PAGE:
4. Where do you enjoy birding the most?
I enjoy birding anywhere and everywhere. To me birding is like therapy, uplifting my mind. I enjoy birding the most in a forested habitat where I get a feeling of being surrounded by the peaceful greenness where the only sound, I hear is of forest life, and there I love to follow the source of the bird calls. WII campus and nature’s trail are my go-to birding spots, the adjacent Sal Forest is another site where I love to do birding at. And on my free days, I enjoy visiting new places to watch birds.
5. Do you have a birding partner or a group you enjoy birding with? How is birding alone different from birding with others?
Yes, I do have a birding group, and being in the group helps us all spot birds, identify calls, and share interesting bird facts! Birding alone is very different as usually on days of just being alone with nature, I love the silence around which is to be only filled by the bird calls. Birding on your own gives you the freedom to spend as much time just watching a single bird and also is the best way to do nature journaling.
6. Anything on the birding bucket list? (Doesn’t have to be a bird, could be a place, witnessing a phenomenon, etc)
There are many places on my birding bucket list, first is to visit different landscapes of India, western India to witness the migratory birds and raptors, then the southern Indian landscape and Andamans for all its endemic birds. A long wish is to visit the rainforests of New Guinea to sight the Birds of Paradise and then the MacGregor’s Bowerbird building its tall bower and also to witness its astounding courtship that involves mimicry including human-made sounds!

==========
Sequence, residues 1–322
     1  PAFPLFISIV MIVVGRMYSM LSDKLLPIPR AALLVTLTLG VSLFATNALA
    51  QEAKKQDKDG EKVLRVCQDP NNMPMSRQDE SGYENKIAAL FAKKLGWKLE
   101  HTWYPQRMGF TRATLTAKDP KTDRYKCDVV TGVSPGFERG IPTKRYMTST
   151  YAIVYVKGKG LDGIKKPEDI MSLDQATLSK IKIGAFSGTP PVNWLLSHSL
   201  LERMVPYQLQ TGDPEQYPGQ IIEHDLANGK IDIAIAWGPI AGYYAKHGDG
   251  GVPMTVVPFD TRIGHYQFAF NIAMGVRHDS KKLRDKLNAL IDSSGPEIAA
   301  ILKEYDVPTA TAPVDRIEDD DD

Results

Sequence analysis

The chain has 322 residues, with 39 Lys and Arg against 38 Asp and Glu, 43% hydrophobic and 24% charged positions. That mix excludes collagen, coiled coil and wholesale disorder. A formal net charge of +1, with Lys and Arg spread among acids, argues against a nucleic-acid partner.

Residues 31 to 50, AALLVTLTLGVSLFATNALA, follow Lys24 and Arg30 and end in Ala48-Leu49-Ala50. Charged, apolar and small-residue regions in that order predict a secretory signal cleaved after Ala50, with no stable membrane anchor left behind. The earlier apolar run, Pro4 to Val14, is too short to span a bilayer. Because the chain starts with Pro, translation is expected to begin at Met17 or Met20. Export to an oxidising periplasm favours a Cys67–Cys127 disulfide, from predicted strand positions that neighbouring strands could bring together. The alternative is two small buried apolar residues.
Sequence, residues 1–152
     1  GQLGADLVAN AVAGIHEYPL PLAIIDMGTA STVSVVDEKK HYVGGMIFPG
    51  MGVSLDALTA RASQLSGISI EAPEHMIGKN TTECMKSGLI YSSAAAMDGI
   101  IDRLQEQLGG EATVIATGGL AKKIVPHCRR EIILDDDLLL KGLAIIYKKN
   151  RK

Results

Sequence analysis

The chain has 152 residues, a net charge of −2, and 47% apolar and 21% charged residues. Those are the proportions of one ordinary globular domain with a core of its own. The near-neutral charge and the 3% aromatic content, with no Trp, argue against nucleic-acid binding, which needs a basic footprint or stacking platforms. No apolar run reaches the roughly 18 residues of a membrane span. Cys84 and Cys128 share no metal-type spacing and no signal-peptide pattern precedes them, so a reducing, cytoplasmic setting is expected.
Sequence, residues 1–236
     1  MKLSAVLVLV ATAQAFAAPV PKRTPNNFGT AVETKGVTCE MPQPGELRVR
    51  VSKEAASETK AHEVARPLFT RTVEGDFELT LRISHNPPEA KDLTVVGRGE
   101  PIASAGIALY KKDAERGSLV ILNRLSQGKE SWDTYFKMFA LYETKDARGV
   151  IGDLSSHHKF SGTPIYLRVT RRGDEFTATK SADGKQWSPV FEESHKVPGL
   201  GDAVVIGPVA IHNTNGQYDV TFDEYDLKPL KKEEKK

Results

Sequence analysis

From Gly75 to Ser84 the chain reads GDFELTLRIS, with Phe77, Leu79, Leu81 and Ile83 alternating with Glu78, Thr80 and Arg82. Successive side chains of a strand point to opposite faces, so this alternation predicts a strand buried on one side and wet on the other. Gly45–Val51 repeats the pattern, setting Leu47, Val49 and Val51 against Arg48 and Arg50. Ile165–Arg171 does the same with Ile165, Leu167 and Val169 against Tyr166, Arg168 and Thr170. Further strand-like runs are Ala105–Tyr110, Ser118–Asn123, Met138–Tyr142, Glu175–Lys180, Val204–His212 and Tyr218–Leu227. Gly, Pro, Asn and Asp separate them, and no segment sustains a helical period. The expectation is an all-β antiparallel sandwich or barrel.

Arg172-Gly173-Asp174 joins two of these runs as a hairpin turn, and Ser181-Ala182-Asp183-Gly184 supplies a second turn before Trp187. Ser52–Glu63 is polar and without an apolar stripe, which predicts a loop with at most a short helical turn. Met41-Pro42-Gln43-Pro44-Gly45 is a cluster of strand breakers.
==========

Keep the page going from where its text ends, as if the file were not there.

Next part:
7. Has eBird changed how you bird? How?
eBird has completely changed my birding in terms of keeping a record of my sightings. Regular posting checklists on eBird has helped in understanding the distribution of species across different seasons.
8. Have you set any birding goals for the coming months?
I have not set any birding goals as I like to visit new areas and sight whatever I can. However, in the next coming months, I’ll be visiting the whole of the Uttarakhand for my research and therefore, I hope to see as many birds in the landscape, especially at the higher elevations.
9. What is your message for fellow birders?
It would be really great to have more humble and patient birders around, which is extremely important in helping introduce a new person into the world of birding. During the initial days of birding, it is very important to have the company of a good birder and most importantly someone who understands and respects the knowledge of the new person. My other message to fellow birders is to follow birding ethics, and completely avoid the use of call playbacks where the prime goal is just to sight a specific bird.
Rock Paintings by Amarjeet Kaur
Header Image: Golden Bush-RobinTarsiger chrysaeus by Santanu Manna/ Macaulay Library